Seventeen of 18 challenges to the status of Wake County voters were dismissed in a Board of Elections hearing Tuesday, prompting the challenger to walk out halfway through the meeting.
Jay DeLancy, executive director of the Voter Integrity Project, left after Wake County Board of Elections members dismissed challenge No. 7 of 15. During discussion of the challenge, board members indicated the dismissal was based on statutes that require them to assume the voter is legal unless the challenger proves otherwise.
DeLancy said nothing, instead packing up his items and letting the door slam on his way out.
Later, DeLancy said he was trying to send a message. To him, it was clear the board had pre-determined their actions.
“I could not believe it with they denied that one … They were going to keep these people on the rolls any way they could even if they had voted after stating they were non-citizens. At that point, staying there was a waste of time.”
How We Got Here
DeLancy originally filed about 550 challenges to Wake County voters, based on information they provided to the court system stating they are not U.S. citizens and yet were also registered to vote. Only legal U.S. citizens are allowed to vote.
At a June 26 preliminary hearing for those 550 challenges, Wake County Clerk of Court Lorrin Freeman testified that those people had signed documents affirming their lack of citizenship and therefore could not qualify for jury duty.
Members rejected most of the challenges based on testimony from Veronica Degraffenreid of the State Board of Elections, who ascertained from DMV records that most held driver’s licenses. People must provide proof of residency, name, age and Social Security number to obtain a license.
Degraffenreid also took DeLancy’s list and found some names not on her list. She ran the same checks and came up with a final count of 21 people “who have not responded to inquiry and have legal presence license or no information at DMV at all.”
Of those, three were not among DeLancy’s challenges and therefore could not be part of Tuesday’s hearing.
The Full Hearing
Wake Elections Director Cherie Poucher sent letters to the 18 remaining challenged voters in an effort to determine whether they are citizens. The letter asked for proof of citizenship or asked the resident to return form requesting removal from the voter rolls.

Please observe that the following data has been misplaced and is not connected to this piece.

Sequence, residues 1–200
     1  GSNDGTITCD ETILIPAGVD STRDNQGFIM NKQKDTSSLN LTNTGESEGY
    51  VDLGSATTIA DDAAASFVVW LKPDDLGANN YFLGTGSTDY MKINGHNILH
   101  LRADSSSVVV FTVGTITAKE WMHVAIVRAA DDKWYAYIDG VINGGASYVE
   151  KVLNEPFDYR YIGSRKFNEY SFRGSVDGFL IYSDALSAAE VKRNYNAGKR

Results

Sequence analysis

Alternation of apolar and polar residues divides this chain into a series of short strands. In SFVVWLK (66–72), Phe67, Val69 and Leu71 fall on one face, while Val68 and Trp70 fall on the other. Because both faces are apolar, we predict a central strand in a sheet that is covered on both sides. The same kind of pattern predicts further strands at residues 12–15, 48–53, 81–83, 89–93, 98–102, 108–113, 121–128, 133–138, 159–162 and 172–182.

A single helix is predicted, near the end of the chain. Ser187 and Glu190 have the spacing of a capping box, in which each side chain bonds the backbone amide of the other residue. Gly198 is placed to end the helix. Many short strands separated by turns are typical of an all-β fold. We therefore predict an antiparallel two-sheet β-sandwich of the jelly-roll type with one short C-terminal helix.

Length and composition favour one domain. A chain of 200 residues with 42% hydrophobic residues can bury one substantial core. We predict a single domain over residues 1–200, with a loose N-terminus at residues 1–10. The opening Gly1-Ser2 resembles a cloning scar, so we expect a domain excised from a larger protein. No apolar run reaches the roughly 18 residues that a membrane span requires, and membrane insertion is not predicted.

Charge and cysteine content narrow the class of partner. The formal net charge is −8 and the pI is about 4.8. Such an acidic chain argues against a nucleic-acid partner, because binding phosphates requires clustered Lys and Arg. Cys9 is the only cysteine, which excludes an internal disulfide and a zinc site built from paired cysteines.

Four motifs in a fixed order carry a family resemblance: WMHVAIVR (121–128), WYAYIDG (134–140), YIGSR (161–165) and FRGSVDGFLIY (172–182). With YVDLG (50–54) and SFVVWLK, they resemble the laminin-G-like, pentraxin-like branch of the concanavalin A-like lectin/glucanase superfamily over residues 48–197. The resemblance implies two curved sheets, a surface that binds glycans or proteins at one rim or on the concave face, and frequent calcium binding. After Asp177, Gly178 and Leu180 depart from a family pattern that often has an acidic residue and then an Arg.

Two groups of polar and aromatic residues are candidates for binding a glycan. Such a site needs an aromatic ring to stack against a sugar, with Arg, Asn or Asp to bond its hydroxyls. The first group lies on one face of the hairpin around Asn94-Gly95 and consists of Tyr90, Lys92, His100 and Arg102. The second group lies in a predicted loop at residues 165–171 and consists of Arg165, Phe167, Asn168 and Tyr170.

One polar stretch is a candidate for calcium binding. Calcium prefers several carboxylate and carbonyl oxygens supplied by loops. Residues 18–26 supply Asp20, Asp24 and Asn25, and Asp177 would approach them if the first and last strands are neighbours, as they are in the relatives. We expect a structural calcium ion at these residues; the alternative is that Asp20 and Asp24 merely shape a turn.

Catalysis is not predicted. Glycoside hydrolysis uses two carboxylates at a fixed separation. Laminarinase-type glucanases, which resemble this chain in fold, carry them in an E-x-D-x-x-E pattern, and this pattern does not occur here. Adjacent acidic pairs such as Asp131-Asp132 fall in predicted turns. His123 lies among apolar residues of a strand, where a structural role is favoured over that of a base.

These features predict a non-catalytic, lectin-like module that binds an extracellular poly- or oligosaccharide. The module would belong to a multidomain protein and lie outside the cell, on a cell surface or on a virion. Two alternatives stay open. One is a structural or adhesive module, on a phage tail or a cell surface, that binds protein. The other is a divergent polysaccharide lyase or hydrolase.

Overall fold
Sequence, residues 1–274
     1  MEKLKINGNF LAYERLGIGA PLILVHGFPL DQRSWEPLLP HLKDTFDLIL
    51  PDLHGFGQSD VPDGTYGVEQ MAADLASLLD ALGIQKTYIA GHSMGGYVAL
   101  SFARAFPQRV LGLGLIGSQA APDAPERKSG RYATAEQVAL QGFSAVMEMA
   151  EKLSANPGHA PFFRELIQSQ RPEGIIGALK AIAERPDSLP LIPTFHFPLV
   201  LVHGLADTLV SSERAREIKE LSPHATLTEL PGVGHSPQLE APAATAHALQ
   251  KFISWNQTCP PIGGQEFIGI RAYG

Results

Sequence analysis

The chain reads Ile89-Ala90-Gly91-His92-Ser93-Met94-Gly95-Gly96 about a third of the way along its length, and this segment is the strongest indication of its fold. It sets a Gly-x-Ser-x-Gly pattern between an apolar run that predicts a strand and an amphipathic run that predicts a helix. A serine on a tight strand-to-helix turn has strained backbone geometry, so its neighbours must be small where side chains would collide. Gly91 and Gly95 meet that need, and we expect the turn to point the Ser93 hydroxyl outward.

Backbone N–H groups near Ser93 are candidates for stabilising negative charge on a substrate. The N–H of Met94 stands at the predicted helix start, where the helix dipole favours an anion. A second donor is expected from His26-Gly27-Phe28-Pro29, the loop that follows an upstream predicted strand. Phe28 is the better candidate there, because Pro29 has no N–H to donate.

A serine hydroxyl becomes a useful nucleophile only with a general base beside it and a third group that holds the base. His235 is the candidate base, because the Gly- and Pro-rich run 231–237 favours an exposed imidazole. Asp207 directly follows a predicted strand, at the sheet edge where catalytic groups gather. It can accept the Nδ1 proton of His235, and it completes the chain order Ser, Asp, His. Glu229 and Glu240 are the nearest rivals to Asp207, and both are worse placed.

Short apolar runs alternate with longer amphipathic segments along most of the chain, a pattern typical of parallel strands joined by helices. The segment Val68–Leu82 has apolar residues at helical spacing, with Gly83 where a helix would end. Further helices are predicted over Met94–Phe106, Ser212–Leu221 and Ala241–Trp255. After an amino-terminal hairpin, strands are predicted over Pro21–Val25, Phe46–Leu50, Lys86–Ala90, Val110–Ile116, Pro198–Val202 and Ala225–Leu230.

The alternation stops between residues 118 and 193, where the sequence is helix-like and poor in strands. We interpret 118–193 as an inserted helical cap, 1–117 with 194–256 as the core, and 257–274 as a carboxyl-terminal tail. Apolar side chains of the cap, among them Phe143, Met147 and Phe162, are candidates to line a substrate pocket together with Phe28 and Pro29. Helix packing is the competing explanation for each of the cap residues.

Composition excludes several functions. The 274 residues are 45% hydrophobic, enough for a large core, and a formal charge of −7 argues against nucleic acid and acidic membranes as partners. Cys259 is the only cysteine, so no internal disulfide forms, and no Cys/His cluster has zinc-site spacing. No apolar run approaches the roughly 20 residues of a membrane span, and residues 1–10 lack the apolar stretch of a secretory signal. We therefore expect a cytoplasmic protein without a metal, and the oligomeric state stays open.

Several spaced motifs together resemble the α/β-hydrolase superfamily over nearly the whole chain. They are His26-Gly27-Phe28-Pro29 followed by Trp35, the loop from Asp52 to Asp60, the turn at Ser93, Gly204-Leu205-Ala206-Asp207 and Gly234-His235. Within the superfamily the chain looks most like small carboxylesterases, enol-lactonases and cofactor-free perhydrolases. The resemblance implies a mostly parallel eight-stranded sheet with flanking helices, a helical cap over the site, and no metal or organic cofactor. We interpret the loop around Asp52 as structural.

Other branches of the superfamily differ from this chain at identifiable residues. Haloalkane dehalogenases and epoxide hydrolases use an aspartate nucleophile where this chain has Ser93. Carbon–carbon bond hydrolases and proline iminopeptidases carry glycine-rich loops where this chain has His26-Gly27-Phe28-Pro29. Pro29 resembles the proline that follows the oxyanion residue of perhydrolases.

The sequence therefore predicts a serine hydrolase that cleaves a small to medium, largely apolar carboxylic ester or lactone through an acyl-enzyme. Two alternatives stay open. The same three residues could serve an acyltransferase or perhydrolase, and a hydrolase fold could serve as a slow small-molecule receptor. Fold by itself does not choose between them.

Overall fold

Of the 18, seven returned proof of naturalization. None had voted prior to becoming citizens and all had become citizens after the jury summons.
Three returned the form stating they were not citizens and requesting to be removed from the rolls. Five are listed as “inactive,” which means if they do not contact the Board of Elections or vote in the next two federal elections, they will be removed from voter rolls as part of regular list maintenance.
Poucher said the final three mailings had been returned as “undeliverable” by the post office. Two of those have each voted once.
Unlike the preliminary hearing, neither DeLancy nor the board called any witnesses to testify. DeLancy said he thought evidence presented in the preliminary hearing would be considered.
“I felt one government agency testifying they were not citizens was enough,” he told board members.
He later told the Record that because both the DMV and Clerk of Court indicated these were not citizens, it seemed he had provided enough proof.
“It’s frustrating,” he said.” I’ve decided I’d do whatever they want to do. There’s nothing I can do about their process because I’m not a lawyer and I can’t afford a lawyer and it takes a lawyer now to do the basic duty of watching the voter roll.”
Poucher later said it’s not uncommon to have non-citizen residents come in with a voter registration card, confused about the process.
“Many people that are not citizens – I shouldn’t say many – do not understand the difference between a green card or a visa and voting,” Poucher said. “That’s going to have to be an educational process for I think everyone to explain that citizenship is different than holding a work card or having a visa.”
Board of Elections Chair Aida Doss Havel suggested members consider turning over evidence on some of the voters to the district attorney for possible prosecution. Member Josh Howard, who was not present, expressed his preference for doing so in a letter to board members.
Members decided to discuss that idea in another meeting when Howard could be present.
DeLancy, who missed that part of the discussion, told the Record possible prosecution is “some consolation.”
Although his mission is to make sure the voter rolls are clean, DeLancy said he is not sure where he will go from here. Meanwhile, he plans to attend a hearing next week on his previously filed challenges to 386 deceased voters in Wake County.
The preliminary hearing will take place during the board’s regular meeting Tuesday, Aug. 28 at 9 a.m. The meeting will take place at the Wake County Commission chambers in room 700 of the courthouse.
“I don’t plan to walk out of that one,” DeLancy said.